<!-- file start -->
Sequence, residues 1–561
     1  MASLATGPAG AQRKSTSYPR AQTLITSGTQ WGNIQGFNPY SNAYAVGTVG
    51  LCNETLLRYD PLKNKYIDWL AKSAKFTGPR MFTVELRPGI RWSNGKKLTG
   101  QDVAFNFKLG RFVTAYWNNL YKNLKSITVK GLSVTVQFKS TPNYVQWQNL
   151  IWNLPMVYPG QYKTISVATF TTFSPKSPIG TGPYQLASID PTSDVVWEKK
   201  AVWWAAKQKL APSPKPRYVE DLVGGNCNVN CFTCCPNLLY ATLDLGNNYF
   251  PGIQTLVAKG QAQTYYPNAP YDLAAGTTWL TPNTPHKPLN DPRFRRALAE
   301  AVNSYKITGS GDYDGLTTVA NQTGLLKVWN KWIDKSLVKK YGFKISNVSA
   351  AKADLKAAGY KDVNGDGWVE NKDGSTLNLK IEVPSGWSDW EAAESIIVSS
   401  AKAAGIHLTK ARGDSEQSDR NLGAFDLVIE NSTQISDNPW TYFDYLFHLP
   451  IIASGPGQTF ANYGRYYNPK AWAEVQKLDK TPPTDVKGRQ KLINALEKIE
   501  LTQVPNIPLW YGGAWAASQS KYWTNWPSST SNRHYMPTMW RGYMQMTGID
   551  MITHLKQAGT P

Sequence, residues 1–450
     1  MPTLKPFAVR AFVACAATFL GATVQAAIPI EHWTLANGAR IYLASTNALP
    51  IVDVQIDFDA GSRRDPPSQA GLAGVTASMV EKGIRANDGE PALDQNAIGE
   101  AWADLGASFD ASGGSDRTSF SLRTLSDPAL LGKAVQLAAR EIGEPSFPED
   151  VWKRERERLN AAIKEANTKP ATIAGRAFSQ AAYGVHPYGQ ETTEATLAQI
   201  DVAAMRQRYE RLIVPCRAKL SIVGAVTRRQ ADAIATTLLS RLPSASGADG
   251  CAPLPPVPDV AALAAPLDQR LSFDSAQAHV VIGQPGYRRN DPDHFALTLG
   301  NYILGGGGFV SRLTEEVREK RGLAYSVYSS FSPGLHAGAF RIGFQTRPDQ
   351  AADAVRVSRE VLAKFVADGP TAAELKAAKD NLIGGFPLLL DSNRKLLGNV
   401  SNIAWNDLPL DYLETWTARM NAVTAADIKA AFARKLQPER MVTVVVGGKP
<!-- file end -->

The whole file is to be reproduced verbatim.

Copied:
Sequence, residues 1–561
     1  MASLATGPAG AQRKSTSYPR AQTLITSGTQ WGNIQGFNPY SNAYAVGTVG
    51  LCNETLLRYD PLKNKYIDWL AKSAKFTGPR MFTVELRPGI RWSNGKKLTG
   101  QDVAFNFKLG RFVTAYWNNL YKNLKSITVK GLSVTVQFKS TPNYVQWQNL
   151  IWNLPMVYPG QYKTISVATF TTFSPKSPIG TGPYQLASID PTSDVVWEKK
   201  AVWWAAKQKL APSPKPRYVE DLVGGNCNVN CFTCCPNLLY ATLDLGNNYF
   251  PGIQTLVAKG QAQTYYPNAP YDLAAGTTWL TPNTPHKPLN DPRFRRALAE
   301  AVNSYKITGS GDYDGLTTVA NQTGLLKVWN KWIDKSLVKK YGFKISNVSA
   351  AKADLKAAGY KDVNGDGWVE NKDGSTLNLK IEVPSGWSDW EAAESIIVSS
   401  AKAAGIHLTK ARGDSEQSDR NLGAFDLVIE NSTQISDNPW TYFDYLFHLP
   451  IIASGPGQTF ANYGRYYNPK AWAEVQKLDK TPPTDVKGRQ KLINALEKIE
   501  LTQVPNIPLW YGGAWAASQS KYWTNWPSST SNRHYMPTMW RGYMQMTGID
   551  MITHLKQAGT P

Sequence, residues 1–450
     1  MPTLKPFAVR AFVACAATFL GATVQAAIPI EHWTLANGAR IYLASTNALP
    51  IVDVQIDFDA GSRRDPPSQA GLAGVTASMV EKGIRANDGE PALDQNAIGE
   101  AWADLGASFD ASGGSDRTSF SLRTLSDPAL LGKAVQLAAR EIGEPSFPED
   151  VWKRERERLN AAIKEANTKP ATIAGRAFSQ AAYGVHPYGQ ETTEATLAQI
   201  DVAAMRQRYE RLIVPCRAKL SIVGAVTRRQ ADAIATTLLS RLPSASGADG
   251  CAPLPPVPDV AALAAPLDQR LSFDSAQAHV VIGQPGYRRN DPDHFALTLG
   301  NYILGGGGFV SRLTEEVREK RGLAYSVYSS FSPGLHAGAF RIGFQTRPDQ
   351  AADAVRVSRE VLAKFVADGP TAAELKAAKD NLIGGFPLLL DSNRKLLGNV
   401  SNIAWNDLPL DYLETWTARM NAVTAADIKA AFARKLQPER MVTVVVGGKP